In the past, when roofs were made of materials like wood or slate, repairing a damaged shingle required an expert who knew how to work with unwieldy materials without causing a major accident. With today's asphalt shingles, the situation is considerably easier, and anyone with a bit of time and elbow grease can manage it.
Step 1 — Climb Onto the Roof
Place a ladder against the side of the structure the shingle is on, whether it is a home or shed, and climb up. Make sure the ladder is not wobbling as you climb. (Refer here for our guide to safe ladder usage.)
Step 2 — Locate the Problem Shingle
Find the shingle you need to replace.
Step 3 — Remove the Shingle Directly Above
Now, locate the asphalt shingle directly above the damaged one you wish to repair. The four nails holding this shingle are also in your damaged shingle, so you need to get them out first.
Step 4 — Remove the Shingle Above the Damaged One
Place the pry bar underneath the shingle directly above the damaged one and pry it upward until its four nails pop out 1/4 of an inch. Press down carefully on the upper shingle so that the nails remain sticking up. Use the back end of the hammer to pull them out.
Do not try to pull out each individual nail using the hammer underneath the shingle, as this may tear it.
Step 5 — Remove the Damaged Shingle
Use the pry bar to push up the nails on the damaged shingle. Press it down and pull the nails out using the hammer in the same way you did on the previous shingle. If part of the damaged tile comes detached, you may need to pull out one or more of the nails still in the roof with just your hammer.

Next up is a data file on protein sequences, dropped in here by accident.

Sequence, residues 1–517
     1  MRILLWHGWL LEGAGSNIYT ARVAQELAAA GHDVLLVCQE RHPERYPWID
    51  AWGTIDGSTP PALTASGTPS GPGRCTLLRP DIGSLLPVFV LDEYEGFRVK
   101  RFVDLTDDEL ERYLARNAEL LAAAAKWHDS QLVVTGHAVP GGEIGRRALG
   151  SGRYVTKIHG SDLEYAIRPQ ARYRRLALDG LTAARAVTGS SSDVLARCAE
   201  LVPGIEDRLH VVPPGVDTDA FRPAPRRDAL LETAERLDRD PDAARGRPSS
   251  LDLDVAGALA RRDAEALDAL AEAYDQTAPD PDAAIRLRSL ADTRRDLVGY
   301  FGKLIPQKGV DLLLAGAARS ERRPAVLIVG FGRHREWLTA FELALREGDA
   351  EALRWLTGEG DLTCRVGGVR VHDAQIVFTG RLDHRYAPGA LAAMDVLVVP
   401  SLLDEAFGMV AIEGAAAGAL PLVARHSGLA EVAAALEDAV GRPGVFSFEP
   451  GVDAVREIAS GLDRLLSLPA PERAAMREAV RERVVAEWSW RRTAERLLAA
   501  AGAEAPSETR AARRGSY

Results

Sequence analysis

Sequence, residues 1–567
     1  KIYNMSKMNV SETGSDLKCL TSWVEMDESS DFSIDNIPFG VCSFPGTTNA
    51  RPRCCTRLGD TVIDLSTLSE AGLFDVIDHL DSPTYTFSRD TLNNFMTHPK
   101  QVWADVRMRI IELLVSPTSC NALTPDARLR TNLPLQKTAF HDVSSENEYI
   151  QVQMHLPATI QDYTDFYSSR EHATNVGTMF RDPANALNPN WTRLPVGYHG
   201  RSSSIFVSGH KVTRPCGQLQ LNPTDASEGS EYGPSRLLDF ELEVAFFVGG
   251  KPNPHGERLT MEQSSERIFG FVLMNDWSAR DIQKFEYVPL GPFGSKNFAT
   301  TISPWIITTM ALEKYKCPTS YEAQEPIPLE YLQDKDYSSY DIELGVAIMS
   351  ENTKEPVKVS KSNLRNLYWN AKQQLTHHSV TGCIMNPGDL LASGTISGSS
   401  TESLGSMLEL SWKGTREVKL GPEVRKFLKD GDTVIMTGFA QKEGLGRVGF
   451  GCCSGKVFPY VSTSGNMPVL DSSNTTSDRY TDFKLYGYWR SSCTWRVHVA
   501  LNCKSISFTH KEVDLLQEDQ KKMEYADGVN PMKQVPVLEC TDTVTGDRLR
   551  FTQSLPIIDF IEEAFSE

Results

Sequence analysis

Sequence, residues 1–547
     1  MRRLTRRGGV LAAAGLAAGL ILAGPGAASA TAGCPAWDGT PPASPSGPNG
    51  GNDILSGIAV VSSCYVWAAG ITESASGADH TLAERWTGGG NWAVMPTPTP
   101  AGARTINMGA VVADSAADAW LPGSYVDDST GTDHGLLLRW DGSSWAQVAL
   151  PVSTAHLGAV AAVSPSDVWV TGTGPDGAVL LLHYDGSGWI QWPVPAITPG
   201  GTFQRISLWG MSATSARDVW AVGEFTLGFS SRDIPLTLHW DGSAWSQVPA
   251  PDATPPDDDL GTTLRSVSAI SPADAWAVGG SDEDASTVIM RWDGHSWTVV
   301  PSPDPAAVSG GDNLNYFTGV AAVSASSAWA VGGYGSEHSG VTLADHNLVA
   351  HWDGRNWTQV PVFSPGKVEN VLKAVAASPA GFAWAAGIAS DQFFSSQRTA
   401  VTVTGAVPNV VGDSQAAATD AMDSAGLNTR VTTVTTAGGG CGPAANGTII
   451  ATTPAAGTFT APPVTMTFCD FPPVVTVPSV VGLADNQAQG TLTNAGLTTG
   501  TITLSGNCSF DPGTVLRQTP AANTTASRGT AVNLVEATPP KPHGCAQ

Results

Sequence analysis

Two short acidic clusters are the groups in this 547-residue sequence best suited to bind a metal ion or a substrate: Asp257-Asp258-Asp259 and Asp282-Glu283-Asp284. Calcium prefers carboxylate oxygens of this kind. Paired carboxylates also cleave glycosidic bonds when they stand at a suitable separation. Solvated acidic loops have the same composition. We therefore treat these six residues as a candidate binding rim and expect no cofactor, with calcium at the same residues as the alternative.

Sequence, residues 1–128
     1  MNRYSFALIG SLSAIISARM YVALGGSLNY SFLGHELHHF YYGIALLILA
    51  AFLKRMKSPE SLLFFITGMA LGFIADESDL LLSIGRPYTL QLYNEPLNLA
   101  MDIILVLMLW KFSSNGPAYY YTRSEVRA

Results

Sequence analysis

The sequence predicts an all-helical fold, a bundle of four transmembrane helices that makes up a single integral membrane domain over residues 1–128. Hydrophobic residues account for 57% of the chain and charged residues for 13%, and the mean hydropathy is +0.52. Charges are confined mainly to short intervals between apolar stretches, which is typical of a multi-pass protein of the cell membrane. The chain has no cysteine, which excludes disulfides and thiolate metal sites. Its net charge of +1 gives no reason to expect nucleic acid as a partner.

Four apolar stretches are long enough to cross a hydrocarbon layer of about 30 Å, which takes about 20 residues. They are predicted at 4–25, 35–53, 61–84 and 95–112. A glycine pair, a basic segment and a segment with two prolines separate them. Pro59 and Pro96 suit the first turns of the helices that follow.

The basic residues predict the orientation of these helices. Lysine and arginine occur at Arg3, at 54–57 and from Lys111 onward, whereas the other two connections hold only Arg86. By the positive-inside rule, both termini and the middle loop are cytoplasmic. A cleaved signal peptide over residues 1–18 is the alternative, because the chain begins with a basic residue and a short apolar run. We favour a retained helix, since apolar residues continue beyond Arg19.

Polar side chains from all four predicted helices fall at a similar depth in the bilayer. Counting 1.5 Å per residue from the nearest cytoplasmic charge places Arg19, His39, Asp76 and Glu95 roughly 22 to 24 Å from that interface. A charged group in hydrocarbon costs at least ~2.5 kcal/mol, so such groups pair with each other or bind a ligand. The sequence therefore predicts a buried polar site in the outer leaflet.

Step 6 — Place New Asphalt Shingle
With the damaged piece now loose, you can remove the damaged asphalt shingle and slide your new shingle into place, tucking the top underneath the shingle immediately above it.
Using the hammer, nail down the new shingle with eight nails, trying to get as close to the original positioning as you can.
DIY Tip: When planning your shingle replacement, choose a day with a moderate temperature. If the weather is too cold, the shingles will be brittle and more likely to crack. If it is too hot, they can take on a gummy consistency that will make it hard to lift the nails out.
Make Safety a Priority
The most important thing when repairing a roof, even more than doing the job properly, is to be safe. A fall off even a one story roof can leave a person with severe injuries. Any steps taken on a roof should be slow and deliberate, no matter how used to it you think you may be. The worst you will end up with if you do not repair your roof perfectly is a leak, but if you do not practice proper safety, a leak will be the least of your worries.